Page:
Matthew Sweet at the Thunderdome

By Mark Clark

The tricky thing about attending a Matthew Sweet concert is that you're never sure who you're going to see.

I mean, sure, Matthew will be there, but who will the sidemen be? The Matthew Sweet concert you saw six months ago could be completely different now, depending on the support personnel.

Case in point: Sweet in concert May 14 at the Brewery's Thunderdome. Two-thirds of his backing trio had changed since his last Louisville appearance, opening for Melissa Etheridge at Louisville Gardens last fall. Drummer Stuart Johnson was on hand to percussion with the same energy he provides Sweet's Zoo Entertainment labelmates, Love Jones. (And it was Stu's birthday, as Matthew pointed out repeatedly.) But the big difference was Ivan Julian's presence, replacing first-call guitarist Richard Lloyd.

Lloyd's eccentric, distortion-soaked solos were half the fun of Sweet's performance last fall (and an integral part of all three of Sweet's acclaimed Zoo albums). Without him, Sweet's opening number, "Sick of Myself," sounded like a demo version of the album track -- thin, meek.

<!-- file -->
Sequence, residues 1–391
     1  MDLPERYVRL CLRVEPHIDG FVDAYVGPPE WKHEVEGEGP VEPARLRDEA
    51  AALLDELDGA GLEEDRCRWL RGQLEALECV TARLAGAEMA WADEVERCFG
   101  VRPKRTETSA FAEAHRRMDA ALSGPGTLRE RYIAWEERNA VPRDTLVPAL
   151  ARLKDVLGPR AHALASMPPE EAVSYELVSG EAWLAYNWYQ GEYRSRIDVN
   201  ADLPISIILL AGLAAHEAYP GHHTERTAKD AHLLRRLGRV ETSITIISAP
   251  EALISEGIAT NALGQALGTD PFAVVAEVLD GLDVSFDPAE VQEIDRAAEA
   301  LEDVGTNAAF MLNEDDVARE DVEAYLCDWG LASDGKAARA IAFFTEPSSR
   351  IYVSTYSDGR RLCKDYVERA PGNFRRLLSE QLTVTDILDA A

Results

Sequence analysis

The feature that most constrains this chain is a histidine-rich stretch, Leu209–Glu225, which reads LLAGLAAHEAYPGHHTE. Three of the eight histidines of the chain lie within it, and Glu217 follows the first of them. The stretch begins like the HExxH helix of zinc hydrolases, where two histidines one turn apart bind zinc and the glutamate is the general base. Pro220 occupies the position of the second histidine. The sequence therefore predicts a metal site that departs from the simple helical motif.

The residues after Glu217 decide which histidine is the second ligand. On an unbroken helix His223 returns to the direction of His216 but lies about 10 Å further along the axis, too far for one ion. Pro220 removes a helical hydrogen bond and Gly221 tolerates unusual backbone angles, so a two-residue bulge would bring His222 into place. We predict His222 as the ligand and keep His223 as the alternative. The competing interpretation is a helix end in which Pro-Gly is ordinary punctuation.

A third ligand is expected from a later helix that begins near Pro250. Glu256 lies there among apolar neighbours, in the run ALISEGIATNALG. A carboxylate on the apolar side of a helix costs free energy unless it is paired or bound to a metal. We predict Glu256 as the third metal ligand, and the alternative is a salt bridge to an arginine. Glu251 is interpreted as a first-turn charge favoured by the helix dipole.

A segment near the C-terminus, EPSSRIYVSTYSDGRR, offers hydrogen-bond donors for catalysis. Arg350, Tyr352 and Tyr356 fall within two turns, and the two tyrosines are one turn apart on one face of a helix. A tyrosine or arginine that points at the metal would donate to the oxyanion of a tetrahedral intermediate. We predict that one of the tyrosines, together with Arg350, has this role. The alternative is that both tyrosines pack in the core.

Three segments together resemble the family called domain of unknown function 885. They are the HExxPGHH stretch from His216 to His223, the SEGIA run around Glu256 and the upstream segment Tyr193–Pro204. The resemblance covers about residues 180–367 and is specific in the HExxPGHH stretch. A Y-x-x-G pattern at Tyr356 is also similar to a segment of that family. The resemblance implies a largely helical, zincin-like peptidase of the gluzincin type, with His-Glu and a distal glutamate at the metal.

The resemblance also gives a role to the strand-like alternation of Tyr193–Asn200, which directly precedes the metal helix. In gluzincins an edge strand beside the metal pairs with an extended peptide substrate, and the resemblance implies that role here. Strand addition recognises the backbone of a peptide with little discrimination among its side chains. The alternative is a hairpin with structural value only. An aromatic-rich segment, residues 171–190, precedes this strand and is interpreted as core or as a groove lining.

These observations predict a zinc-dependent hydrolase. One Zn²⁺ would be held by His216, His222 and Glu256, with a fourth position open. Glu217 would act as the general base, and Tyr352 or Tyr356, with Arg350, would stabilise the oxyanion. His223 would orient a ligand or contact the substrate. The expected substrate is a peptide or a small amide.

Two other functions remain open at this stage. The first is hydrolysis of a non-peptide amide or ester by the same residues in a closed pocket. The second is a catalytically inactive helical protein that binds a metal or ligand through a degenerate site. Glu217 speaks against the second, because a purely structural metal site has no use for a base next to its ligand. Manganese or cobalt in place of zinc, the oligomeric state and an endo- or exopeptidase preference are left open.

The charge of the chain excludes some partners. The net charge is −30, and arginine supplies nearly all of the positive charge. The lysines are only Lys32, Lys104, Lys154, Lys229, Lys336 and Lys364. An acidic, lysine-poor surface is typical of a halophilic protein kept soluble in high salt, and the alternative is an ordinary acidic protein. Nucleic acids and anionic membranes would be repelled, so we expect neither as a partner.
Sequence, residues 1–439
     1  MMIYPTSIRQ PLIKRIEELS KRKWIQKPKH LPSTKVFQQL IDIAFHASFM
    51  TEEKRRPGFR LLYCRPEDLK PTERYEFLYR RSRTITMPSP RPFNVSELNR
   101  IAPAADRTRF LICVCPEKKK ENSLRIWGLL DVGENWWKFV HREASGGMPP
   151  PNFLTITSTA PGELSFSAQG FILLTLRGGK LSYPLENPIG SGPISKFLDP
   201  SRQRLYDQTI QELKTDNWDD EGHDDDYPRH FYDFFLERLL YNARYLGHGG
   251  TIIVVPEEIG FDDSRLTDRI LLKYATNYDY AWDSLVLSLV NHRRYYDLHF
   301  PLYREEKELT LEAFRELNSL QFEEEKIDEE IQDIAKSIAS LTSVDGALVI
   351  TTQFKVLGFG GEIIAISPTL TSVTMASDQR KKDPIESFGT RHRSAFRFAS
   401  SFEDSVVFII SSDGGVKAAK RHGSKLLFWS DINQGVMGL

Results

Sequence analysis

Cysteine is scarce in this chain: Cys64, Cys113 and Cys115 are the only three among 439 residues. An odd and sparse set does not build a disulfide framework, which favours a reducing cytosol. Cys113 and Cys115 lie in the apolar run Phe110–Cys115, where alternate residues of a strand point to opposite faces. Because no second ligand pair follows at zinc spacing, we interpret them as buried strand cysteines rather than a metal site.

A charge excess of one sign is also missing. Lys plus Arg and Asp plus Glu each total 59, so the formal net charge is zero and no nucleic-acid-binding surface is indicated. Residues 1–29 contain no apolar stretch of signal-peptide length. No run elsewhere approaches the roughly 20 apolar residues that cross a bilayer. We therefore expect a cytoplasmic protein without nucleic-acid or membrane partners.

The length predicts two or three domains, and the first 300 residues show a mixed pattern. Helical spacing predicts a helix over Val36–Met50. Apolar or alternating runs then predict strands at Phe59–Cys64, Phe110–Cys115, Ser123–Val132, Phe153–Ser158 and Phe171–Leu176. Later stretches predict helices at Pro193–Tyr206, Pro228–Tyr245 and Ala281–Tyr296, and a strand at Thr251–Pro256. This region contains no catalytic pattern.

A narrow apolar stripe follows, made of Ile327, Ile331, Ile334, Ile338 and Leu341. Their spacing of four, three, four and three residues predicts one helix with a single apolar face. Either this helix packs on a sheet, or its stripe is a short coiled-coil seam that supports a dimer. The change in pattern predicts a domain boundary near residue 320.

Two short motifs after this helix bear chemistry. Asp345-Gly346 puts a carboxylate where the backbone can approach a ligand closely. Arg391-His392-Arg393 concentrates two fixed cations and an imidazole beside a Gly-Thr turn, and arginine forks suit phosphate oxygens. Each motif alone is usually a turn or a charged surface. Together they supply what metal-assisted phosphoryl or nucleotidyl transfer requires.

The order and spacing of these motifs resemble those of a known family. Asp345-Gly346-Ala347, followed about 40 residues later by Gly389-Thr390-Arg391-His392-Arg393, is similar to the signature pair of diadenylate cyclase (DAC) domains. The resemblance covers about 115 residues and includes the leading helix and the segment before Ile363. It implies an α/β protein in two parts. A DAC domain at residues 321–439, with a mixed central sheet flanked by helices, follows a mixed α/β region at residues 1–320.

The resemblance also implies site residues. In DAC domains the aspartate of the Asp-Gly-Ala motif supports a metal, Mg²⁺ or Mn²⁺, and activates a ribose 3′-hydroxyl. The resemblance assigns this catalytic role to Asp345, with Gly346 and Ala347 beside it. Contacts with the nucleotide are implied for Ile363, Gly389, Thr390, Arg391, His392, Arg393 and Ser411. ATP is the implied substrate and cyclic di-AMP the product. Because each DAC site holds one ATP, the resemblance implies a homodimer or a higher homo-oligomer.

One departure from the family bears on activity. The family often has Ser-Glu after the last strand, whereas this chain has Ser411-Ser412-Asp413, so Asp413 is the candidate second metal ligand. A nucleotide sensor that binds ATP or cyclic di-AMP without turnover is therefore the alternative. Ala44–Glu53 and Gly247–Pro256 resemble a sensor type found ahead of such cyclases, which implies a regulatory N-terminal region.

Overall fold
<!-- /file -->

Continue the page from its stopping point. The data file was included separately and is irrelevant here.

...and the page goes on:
But as the band began to settle in, running through selections like "I've Been Waiting," "Ugly Truth Rocks," and "Come to Love," other virtues came to the fore to replace Lloyd's absent solos -- Johnson's feisty drums, Sweet's underrated vocals. And whatever Julian lacks as a soloist (at least when compared to Lloyd) he made up for with sizzling performances on groove-oriented numbers like "Divine Intervention" and "Girlfriend," which sent the near-sellout crowd into a pogo frenzy.

If nothing else, Lloyd's absence made fans appreciate even more the brilliance of Sweet's songs, which would sound terrific even if he were backed by two chimpanzees on kazoo.

Sweet hauled out his acoustic guitar for heart-melting versions of "Winona," a fan favorite from his breakthrough LP Girlfriend, and "I Almost Forgot," one of several cuts offered from his new release, 100 Percent Fun. The new material held its own even against competition like "Winona," with the crowd warmly embracing tunes like "Super Baby" and "Walk Out."

The 90-minute, 19-song set concluded with a blistering version of another Girlfriend favorite, "Does She Talk?"

As an aside: Sweet's 1970s obsession continues unabated. The souvenir booth at the concert was strewn with '70s memorabilia, including a Donnie and Marie jigsaw puzzle, a Charlie's Angels board game and a Shawn Cassidy pin-up. One of his tour shirts featured the cover of his new record on an 8-track tape, another had the name of the album spelled out on a Lite Brite.

The Poster Children offered a longish (60-minute) opening set that was boisterous but forgettable.